Hearing women’s voices

Harassment still a concern this International Women’s Day

Illustration by Gabrielle Funk

Women still face harassment vocally and sexually every day. In 2014, 553,000 cases of sexual assault were self-reported by people identifying as female in a survey done by Statistics Canada. Thanks to movements like #metoo, which calls out the widespread prevalence of harassment, especially in the workplace, more women are coming forward.

Arielle Vicklund, a current University of Manitoba (U of M) student, says the #metoo movement communicates that harassment didn’t just happen to one person, but it has happened to others. The movement is giving a voice to those who don’t have a platform to speak out about their experiences.

“Often we feel quite alone in experiences we’ve gone through, and we don’t recognize that other people have experienced the same things,” Vicklund says.

Jordyn Sheldon, a current University of Winnipeg (U of W) student, says for her, the #metoo movement has its strengths and weaknesses.

“I think that it is as powerful as any social media movement has ever been at inciting dialogue and awareness. Violence against women is an enormous issue that does not get a lot of spotlight in the average news cycle or at dinner-table conversations,” she says.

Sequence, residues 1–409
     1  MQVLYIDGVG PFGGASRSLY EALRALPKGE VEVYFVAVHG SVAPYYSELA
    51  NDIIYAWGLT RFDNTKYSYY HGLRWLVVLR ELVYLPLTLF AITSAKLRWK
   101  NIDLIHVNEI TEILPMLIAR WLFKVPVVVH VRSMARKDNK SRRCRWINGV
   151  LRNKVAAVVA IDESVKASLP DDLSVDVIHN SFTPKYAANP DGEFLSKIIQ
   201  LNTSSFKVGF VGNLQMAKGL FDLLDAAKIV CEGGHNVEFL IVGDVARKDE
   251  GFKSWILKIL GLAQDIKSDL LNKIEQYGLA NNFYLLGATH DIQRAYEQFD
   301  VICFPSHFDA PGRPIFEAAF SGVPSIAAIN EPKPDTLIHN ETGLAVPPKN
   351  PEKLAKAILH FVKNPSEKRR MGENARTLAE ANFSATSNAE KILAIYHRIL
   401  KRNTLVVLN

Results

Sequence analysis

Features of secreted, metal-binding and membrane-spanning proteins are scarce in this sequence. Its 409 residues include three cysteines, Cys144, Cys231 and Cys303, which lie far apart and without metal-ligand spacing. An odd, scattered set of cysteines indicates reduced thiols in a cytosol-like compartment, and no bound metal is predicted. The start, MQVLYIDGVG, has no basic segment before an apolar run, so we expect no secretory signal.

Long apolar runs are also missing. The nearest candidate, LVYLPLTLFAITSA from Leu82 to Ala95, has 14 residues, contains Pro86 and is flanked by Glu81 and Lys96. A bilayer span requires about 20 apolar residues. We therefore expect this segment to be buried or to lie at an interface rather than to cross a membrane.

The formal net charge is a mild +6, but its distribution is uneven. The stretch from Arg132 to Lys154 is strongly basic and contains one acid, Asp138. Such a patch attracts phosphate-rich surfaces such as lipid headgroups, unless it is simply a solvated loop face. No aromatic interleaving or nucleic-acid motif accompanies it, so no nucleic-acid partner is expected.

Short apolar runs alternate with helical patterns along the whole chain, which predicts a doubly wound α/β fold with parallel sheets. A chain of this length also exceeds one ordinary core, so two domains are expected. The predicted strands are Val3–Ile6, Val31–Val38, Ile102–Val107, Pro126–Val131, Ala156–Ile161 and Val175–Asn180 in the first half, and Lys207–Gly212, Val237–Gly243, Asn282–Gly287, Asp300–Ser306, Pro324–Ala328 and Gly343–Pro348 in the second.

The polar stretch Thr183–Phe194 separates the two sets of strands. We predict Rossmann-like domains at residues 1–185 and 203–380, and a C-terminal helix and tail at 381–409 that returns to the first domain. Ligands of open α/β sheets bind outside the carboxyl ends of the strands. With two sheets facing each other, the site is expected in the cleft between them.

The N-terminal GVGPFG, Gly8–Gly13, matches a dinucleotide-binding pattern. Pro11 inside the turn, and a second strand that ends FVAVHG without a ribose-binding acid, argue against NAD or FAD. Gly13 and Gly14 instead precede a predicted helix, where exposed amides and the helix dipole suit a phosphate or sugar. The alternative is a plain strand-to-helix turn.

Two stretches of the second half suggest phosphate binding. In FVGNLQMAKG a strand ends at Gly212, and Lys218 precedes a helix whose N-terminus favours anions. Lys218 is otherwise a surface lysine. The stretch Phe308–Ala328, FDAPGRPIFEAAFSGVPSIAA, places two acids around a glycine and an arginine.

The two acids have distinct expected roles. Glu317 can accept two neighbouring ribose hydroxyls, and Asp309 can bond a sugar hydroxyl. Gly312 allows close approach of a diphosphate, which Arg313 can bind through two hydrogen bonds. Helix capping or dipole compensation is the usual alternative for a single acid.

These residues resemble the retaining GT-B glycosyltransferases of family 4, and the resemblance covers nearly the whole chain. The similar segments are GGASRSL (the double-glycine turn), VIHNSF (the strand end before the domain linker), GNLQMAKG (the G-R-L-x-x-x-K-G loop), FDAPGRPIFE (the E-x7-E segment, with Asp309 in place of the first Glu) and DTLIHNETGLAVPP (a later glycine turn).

“We should all know rape is wrong and ‘no means no,’ but how do we empower ourselves to say no when we don’t want to hurt our partner? Where is the line between giving and taking? These are conversations I want to be a part of,” Sheldon says.

According to the U of W’s website, the university will not tolerate any form of sexual misconduct. This term is broad, but will encompass any unwelcome conduct of the sexual nature.

The website also states that sexual misconduct can vary case to case and includes a large variety of behaviours like stalking, sexual harassment and sexual assault or threat of assault.

Women have achieved many things like gaining the right to vote in 1914 for white women and in 1960 for Indigenous women in Canada. International Women’s Day is a way to celebrate these achievements. This year, it falls on Thursday, March 8, 2018.

Vicklund says there needs to be  an International Women’s Day, because women
do a lot that goes unrecognized and never get thanks.

“I believe that for so long, women have been oppressed, and we’ve been put into the private sector and not the public sector. By having this International Women’s Day, we’re saying, ‘yes women are people, and they’re here, and they’re strong, and we need to see that as such,’” Vicklund says.

For Sheldon, International Women’s Day is important, because it is a reminder to consider and appreciate the work that women do for themselves as well as the human rights of others. International Women’s Day also acknowledges the importance of women’s rights.

“I always take the day as an opportunity to remind the women in my life that what they do, how they think and who they are matter,” Sheldon says.

Published in Volume 72, Number 19 of The Uniter (March 1, 2018)

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